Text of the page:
In 2014, the entertainment industry lost a much-beloved comedian in Robin Williams. Since the early ’70s, Williams was a staple in the California comedy scene and is credited with leading a comedy renaissance on the West Coast.
Robin Williams was renowned for his improvisational comedy skills. His was not the carefully planned, thoroughly scripted comedy style. Instead, he was a frenetic, energetic performer whose comedy fed off and adapted with his audience. Williams’ performances were highly personal and bordered on manic – he would talk about his personal life and drug and alcohol abuse that towed the line between funny and eyebrow-raising. At his “A Night at the Met” performance Robin Williams said, “I realized that when I became a reformed alcoholic that I was the same a*$hole, I just had fewer dents in my car.”
A man of the people, Williams would frequently stop his on-stage routines and go into the audience straddling a balcony’s railing and really getting into his audience faces’ with his jokes. In 1978, Robin Williams became a household name in the hit ABC television comedy, “Mork & Mindy,” where he played Mork, an alien from the planet Ork. Television network Comedy Central ranked Robin Williams number 13 on the list of “Greatest Standups of All Time.” Richard Pryor, who had a profound influence on Williams’ career was number 1 on the list.
The legacy of Robin Williams lives on with several comedic DVDs and CDs from his shows. These include the DVDs “Robin Williams: Off the Wall”, “Robin Williams: Live on Broadway” and “Weapons of Self Destruction” and CDs, “Reality…What a Concept” and “A Night at the Met”. The volume of Williams’ work showcases his uniqueness as a stand-up comedian because many colleagues tend to work and re-work their original material. However, in the videos which span numerous decades, Robin Williams’ comedy always seems fresh — perhaps in part because much of it was an improvised, sometimes a surprise even to Robin Williams himself.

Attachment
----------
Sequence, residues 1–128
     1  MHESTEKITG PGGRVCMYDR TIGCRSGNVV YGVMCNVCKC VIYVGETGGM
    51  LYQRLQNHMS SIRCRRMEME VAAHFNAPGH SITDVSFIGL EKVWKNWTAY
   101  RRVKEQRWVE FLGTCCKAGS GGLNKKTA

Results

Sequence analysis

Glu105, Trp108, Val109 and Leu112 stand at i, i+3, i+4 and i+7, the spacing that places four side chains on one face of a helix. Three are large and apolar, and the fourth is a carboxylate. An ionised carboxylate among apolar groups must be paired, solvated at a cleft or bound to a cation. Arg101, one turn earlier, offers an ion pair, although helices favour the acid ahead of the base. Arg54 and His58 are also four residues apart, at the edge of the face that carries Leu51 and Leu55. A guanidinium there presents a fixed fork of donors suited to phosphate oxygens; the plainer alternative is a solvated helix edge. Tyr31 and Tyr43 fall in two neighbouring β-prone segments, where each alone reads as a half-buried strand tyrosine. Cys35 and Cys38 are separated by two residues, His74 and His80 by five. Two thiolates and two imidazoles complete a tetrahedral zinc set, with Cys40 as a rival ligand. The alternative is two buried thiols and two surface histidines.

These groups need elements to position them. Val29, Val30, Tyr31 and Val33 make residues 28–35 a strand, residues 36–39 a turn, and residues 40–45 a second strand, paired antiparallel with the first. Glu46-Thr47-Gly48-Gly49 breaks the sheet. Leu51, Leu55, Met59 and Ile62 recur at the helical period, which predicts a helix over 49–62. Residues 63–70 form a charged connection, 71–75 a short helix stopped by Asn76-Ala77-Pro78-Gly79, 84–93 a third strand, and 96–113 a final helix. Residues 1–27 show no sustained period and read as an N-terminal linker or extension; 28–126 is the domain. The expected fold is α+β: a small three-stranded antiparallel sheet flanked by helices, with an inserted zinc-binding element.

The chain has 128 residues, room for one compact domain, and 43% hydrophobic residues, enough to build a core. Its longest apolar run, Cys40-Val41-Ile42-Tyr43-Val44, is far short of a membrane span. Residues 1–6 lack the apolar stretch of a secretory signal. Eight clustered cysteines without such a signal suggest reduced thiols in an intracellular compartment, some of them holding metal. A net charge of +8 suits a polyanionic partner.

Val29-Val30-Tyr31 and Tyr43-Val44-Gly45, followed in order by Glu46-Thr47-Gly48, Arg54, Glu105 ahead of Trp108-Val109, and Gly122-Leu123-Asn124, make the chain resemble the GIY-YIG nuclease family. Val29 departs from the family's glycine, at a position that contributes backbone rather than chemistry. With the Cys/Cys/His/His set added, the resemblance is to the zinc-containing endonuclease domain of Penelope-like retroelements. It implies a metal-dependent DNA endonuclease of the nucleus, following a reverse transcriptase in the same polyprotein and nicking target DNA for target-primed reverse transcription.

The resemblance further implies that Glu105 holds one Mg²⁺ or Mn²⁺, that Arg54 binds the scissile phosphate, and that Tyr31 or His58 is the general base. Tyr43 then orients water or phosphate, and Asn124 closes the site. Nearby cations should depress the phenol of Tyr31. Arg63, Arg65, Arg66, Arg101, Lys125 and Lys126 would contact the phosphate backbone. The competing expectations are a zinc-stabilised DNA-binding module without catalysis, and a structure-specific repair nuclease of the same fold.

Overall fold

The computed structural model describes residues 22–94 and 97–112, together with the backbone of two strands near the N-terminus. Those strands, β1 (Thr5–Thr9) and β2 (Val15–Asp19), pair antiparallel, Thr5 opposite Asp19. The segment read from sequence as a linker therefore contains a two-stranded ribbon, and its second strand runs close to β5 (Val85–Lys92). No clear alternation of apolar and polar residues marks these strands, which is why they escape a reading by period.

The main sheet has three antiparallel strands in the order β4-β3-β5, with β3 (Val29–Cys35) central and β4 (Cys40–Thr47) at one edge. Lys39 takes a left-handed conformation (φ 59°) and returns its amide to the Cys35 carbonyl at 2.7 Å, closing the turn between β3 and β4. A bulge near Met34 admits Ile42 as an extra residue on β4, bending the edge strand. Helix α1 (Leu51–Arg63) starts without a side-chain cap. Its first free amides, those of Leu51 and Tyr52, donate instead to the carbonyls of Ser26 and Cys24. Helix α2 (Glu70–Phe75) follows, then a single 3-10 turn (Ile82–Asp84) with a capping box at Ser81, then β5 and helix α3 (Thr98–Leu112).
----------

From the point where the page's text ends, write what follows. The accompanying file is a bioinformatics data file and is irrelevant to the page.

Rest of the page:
He also enjoyed a successful and Oscar-winning film career, starring in the blockbuster movies, “Good Morning, Vietnam”, “Mrs. Doubtfire” and “Good Will Hunting.” However, throughout his television and movie career, Williams continued performing his stand-up routines, much to the delight of his international audiences and massive fan base.
In addition to personal comedy, Robin Williams also poked fun with current events and world leaders. His “A Night at the Met” album and DVD was filmed in 1986 and spared no political leader, from President Ronald Reagan to Soviet President Mikhail Gorbachev. Williams’ lovable, upbeat personality made these riffs forgivable, even for the world’s leaders.
Sadly, Williams’ on-stage persona did not always relay his tortured inner soul. He battled with drugs, alcohol and depression, yet always put on a brave face to make people laugh. In a CBS News interview on Williams’ comedic impact, fellow actor and comedian Will Vought said, “He was a brilliant joke writer, but also a master of voices, physical comedy, and creating characters that we’ve never seen before. No one ever saw or heard anything like Robin Williams and likely never will again.”
Although Robin Williams left us too soon, his legendary comedic talent and performances will live on. In his own words, “You’re only given a little spark of madness. You mustn’t lose it.”